Richie had already started racing at this stage in his working career – initially on a scooter at the Grand Central track and then in a GSM Dart fitted with the venerable 1172cc side-valve Ford Anglia/Prefect engine. His Dart was production number 5805 which meant it was the fifth car off the production line in Cape Town in 1958.
Alan Kirkman, a fellow member of Ecurie Aquila, suggested Richie put the 1 000 cc OHV engine from Alan’s road car, a Ford Anglia, into the Dart and that they then take part in the Nine-Hour Race at Kyalami.
Wanting to increase the engine’s power Richie went to Superformance, established a couple of months earlier by Basil van Rooyen, another successful racing driver. Richie had only wanted the cylinder head modified but turned out to be enthralled by what he saw at Superformance. He was so impressed that he asked Van Rooyen for a job and was told to report for duty the following Monday.
“I spent about three years at Superformance, and it was here that I had my first opportunity to work on a camshaft grinder. Basil and I both learned a lot working together but a disagreement resulted in Basil saying the company was too small for both of us, so I got fired,” (Basil van Rooyen said recently this was the first and last time he ever fired one of his employees).
Now he was out of formal work, so began modifying cylinder heads at his home workshop and this became a good, steady business.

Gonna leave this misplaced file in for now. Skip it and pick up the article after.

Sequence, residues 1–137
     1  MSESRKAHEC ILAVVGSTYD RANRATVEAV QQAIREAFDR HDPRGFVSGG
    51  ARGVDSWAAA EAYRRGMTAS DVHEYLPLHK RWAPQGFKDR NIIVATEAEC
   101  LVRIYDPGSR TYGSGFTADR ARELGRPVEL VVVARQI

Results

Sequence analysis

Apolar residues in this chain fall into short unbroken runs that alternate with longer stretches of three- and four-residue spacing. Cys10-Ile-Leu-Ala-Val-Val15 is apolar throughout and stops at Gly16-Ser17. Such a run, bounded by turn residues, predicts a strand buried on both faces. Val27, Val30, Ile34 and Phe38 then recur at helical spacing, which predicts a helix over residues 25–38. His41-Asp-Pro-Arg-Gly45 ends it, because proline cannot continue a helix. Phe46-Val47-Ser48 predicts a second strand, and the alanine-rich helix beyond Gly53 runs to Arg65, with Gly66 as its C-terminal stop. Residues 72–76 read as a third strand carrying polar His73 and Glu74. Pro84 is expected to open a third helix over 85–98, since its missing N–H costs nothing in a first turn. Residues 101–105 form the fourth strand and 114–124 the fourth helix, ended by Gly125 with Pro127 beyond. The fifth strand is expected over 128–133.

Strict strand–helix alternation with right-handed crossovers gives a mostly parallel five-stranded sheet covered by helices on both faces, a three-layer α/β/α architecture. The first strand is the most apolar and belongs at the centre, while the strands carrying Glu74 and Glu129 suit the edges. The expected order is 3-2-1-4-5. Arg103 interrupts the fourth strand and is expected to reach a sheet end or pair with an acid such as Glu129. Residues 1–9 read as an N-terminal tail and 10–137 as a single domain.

However, Jute was happy to return to formal employment when the opportunity came to join Angelo Pero Motor Works. Then it was on to VOMS (Vehicle Overhaul and Maintenance Service) and more experience working on a cam grinder. After six years at VOMS Jute was offered a 10% share if he joined Stolk and Owgan, an automotive engineering company, which bought him a cam grinder.
“I ended up buying all the cam grinding equipment and moving on again. This time it was to Focus Automotive. They gave me a 51% share in the camshaft reconditioning business which later became a standalone operation in a portion of the Focus building.”
Finally, in 1975, Richie achieved his goal by buying Camshaft Remanufacturing Centre, commonly known as Richie Jute Cams, from Focus. Now he really was the boss!
The fame of Richie Jute cams began to spread globally with orders coming in from other countries in the world, including the United States.
Although no longer involved in business, Richie continues to tinker with his collection of historic racing cars at his workshop in George and says he would still like to return to the track with one of them. He says he is also investigating the possibility of getting his one remaining cam grinder back into operation so that he can train somebody to operate it as a potentially profitable business.
Richie, who lost his first and second wives to cancer, has a son and daughter living in Cape Town, but says he has no plans to put his feet up and stop working on cars found in his crowded George workshop.
by Roger Houghton